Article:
You can see that we now go forever (or until the electricity gets cut off). Showing the sprite, changing it, hiding it, ad infinitum.
But again, this isn’t really what we want. Ideally, we do want it to create another explosion, but only when we click the mouse button. Moreover, we don’t want more than three to occur at any one time - remember the rule I decided on at the beginning - and finally, we don’t want in interrupt the explosion itself. Thinking about this last point, how weird would it be if it began to explode. Then stopped part way through. Then started again somewhere else? We will tackle this bit by bit. Individually, it is all quite straight forward, but on mass, it would be like stuffing your face with marshmallows. Or maybe not. Imagine I (I being the crosshairs or the person firing projectiles) could talk to the missile. It might go a little like this:
Me: Hey, you! (pointing at the missile) Missile: Who me?
Me: Yes! I want you to fire up into space and explode.
Missile: Ok. 3-2-1 Blast off. Boom.
But, it would also be able to ignore me:
Me: Hey missile number 1. Fire off into space, please.
Missile: OK. 3…2
Me: And fire again!
Me: Come on! Again! Missile: Blast off.
Notice how the second time, my repeated requests were ignored? That would be like the user clicking the mouse button again. Also, no matter what, it runs through it’s sequence - not even an episode of Made in Chelsea would distract it.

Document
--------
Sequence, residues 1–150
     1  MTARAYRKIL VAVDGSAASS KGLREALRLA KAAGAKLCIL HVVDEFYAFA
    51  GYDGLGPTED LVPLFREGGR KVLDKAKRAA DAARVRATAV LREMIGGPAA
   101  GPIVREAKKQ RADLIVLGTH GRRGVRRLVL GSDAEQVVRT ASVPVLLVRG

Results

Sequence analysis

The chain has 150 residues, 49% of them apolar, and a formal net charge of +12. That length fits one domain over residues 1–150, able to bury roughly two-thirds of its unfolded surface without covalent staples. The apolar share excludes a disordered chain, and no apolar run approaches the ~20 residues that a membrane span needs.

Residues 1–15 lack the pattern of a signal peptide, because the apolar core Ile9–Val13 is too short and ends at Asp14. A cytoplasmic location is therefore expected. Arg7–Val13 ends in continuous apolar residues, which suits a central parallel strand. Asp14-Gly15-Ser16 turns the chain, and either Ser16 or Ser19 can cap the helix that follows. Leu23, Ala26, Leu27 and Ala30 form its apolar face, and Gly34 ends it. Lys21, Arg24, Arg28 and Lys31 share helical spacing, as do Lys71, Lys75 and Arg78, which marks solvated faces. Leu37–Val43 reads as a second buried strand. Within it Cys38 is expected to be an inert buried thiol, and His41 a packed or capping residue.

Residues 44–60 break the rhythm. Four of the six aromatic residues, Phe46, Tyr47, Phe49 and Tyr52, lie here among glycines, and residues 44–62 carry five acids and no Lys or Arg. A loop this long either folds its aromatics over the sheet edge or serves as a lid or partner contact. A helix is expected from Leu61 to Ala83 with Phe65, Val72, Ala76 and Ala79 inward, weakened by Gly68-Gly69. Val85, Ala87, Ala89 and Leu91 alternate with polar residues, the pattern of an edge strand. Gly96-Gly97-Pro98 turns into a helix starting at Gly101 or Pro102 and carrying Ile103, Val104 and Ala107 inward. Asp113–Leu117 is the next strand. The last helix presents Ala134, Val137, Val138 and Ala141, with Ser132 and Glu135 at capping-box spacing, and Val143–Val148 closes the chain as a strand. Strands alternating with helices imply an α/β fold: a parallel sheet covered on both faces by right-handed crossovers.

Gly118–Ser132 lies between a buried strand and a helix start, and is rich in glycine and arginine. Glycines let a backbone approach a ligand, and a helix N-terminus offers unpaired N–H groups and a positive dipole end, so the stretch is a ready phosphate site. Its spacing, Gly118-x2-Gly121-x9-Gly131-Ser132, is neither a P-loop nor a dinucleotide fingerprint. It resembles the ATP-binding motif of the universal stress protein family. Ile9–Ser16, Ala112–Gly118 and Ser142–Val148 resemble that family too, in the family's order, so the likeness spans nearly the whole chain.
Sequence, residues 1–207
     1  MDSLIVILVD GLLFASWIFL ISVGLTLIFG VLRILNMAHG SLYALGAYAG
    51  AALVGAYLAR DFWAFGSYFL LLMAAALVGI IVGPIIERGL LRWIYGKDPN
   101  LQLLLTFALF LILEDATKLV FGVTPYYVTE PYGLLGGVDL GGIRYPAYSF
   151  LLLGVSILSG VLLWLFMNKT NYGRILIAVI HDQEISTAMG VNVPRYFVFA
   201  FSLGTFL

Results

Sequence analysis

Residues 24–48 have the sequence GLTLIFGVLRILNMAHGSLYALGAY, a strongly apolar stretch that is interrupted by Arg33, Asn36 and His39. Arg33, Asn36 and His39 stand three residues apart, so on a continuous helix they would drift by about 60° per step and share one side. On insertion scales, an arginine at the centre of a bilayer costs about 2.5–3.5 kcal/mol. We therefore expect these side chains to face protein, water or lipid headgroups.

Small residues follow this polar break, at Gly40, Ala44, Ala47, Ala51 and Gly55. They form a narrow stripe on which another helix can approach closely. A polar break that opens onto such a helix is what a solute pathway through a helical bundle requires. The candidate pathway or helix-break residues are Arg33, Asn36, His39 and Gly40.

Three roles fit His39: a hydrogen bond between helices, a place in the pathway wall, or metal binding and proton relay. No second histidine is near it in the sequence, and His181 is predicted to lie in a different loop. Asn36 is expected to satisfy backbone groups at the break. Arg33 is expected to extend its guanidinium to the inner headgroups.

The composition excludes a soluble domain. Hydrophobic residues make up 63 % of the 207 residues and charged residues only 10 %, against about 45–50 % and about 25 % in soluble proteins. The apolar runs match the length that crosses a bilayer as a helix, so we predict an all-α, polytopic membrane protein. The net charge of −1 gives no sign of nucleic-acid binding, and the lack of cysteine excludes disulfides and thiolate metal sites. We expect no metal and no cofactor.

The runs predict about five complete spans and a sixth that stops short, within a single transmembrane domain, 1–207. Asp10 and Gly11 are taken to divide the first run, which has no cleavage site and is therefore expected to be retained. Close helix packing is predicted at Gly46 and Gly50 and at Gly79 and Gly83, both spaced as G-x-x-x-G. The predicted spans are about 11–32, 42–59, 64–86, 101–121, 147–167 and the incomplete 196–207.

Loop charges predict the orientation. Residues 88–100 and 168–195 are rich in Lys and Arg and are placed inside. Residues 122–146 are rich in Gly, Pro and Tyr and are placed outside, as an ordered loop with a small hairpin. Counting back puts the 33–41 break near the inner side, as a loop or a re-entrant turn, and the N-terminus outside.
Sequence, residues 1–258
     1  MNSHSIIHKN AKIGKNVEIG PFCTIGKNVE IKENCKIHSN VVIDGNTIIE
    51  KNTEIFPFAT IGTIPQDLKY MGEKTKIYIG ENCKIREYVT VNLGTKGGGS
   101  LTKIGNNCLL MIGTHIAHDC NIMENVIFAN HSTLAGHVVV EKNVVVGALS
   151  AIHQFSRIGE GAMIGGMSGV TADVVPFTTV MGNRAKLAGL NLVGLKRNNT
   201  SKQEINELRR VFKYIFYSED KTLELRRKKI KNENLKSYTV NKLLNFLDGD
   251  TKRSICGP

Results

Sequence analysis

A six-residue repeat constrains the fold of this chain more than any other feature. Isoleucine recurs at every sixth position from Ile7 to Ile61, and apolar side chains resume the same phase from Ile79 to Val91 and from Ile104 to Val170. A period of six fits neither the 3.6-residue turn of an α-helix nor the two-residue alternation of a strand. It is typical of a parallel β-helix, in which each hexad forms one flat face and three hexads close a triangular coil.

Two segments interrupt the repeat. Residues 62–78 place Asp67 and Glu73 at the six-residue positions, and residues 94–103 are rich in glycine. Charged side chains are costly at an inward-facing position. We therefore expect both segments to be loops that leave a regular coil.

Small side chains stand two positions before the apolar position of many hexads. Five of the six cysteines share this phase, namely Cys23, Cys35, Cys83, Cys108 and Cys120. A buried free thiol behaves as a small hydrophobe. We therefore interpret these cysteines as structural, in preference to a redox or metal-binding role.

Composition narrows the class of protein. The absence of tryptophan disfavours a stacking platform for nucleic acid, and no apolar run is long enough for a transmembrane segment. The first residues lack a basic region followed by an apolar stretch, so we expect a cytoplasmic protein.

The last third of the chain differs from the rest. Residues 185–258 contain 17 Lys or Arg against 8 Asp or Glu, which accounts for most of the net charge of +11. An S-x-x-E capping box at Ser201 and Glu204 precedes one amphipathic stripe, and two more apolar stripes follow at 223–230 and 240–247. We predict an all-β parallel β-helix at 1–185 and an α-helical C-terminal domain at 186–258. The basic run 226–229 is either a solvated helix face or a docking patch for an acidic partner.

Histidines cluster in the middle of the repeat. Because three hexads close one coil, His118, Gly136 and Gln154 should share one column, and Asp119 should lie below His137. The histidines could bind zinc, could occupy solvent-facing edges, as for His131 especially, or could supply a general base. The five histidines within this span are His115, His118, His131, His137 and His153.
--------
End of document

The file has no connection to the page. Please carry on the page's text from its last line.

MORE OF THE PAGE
OK, so how do we do this? Well, firstly, we need to do a bit of shouting and for that, we need to use the broadcast command. This allows us to send a message which anyone (anything, I suppose!) can listen for and act upon.
In this case, I want missile-1 (remember we named our explosion sprite to be that?) to listen for something shouting “fire-1“ - referring to it’s name. Jump to the script where we make the crosshairs follow the mouse pointer, and change it to look like this:
You can see that I am checking for someone pressing the mouse button with the if statement. Mouse down simply means, mouse button pressed down. And then in missile-1, the sprite’s script, we need to listen out for it:
So the two key commands are broadcast and when I receive. This latter command is just another way of saying, when I hear the message I specify (fire-1). Try running it. In particular, try clicking the mouse a few times. What do you notice? As you might have guessed, we are able to stop and start explosions, sometimes in mid flow, but we now have a system where one part of our game communicates with another. that is, the crosshairs communicating with our missile. The main part we don’t yet have is the ability to limit the number of missiles exploding. It’s almost as if we need some way of counting the explosions as they happen but then reducing that count when they have finished. Very tricky. Or is it?
To solve this, what we need is a kind of list (like a todo list), of which missiles can be fired. When they have finished doing their spectactular thing, we add them back onto the list. Provided the list has at least one item (missile number) on it, we will allow the user to fire off another missile. But, and this is important, only a missile that hasn’t been fired - remember, we don’t want to interrupt any in part-explosion.
So where do we begin? With the list, of course. Go to the red tab (the one which has variables on it) and click on make a list.
Up should pop a window where you need to type in a name for your list. Use the word: missiles and make sure that it has it set for all sprites before clicking OK. Since we can stop and start our program at will, it is important to make sure that our list is reset each time we play, and to do that, we need to empty it and then add the three missiles that can be fired. We can achieve that like this: